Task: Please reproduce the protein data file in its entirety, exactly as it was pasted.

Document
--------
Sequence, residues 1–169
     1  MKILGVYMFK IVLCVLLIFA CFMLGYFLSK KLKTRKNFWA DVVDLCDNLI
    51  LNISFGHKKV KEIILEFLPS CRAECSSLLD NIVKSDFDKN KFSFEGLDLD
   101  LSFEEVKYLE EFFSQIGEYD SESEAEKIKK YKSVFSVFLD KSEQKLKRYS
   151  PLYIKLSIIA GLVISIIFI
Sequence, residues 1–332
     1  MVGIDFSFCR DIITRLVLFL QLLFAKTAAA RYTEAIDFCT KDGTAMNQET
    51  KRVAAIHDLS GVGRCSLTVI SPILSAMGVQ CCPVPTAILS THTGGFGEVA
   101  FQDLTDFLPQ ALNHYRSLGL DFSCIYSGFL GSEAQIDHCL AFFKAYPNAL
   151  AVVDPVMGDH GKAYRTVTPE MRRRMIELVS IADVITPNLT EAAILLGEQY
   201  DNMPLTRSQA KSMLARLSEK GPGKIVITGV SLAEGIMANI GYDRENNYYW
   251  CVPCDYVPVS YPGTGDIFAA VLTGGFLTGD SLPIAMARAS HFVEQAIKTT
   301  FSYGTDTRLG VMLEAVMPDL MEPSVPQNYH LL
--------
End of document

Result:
Sequence, residues 1–169
     1  MKILGVYMFK IVLCVLLIFA CFMLGYFLSK KLKTRKNFWA DVVDLCDNLI
    51  LNISFGHKKV KEIILEFLPS CRAECSSLLD NIVKSDFDKN KFSFEGLDLD
   101  LSFEEVKYLE EFFSQIGEYD SESEAEKIKK YKSVFSVFLD KSEQKLKRYS
   151  PLYIKLSIIA GLVISIIFI
Sequence, residues 1–332
     1  MVGIDFSFCR DIITRLVLFL QLLFAKTAAA RYTEAIDFCT KDGTAMNQET
    51  KRVAAIHDLS GVGRCSLTVI SPILSAMGVQ CCPVPTAILS THTGGFGEVA
   101  FQDLTDFLPQ ALNHYRSLGL DFSCIYSGFL GSEAQIDHCL AFFKAYPNAL
   151  AVVDPVMGDH GKAYRTVTPE MRRRMIELVS IADVITPNLT EAAILLGEQY
   201  DNMPLTRSQA KSMLARLSEK GPGKIVITGV SLAEGIMANI GYDRENNYYW
   251  CVPCDYVPVS YPGTGDIFAA VLTGGFLTGD SLPIAMARAS HFVEQAIKTT
   301  FSYGTDTRLG VMLEAVMPDL MEPSVPQNYH LL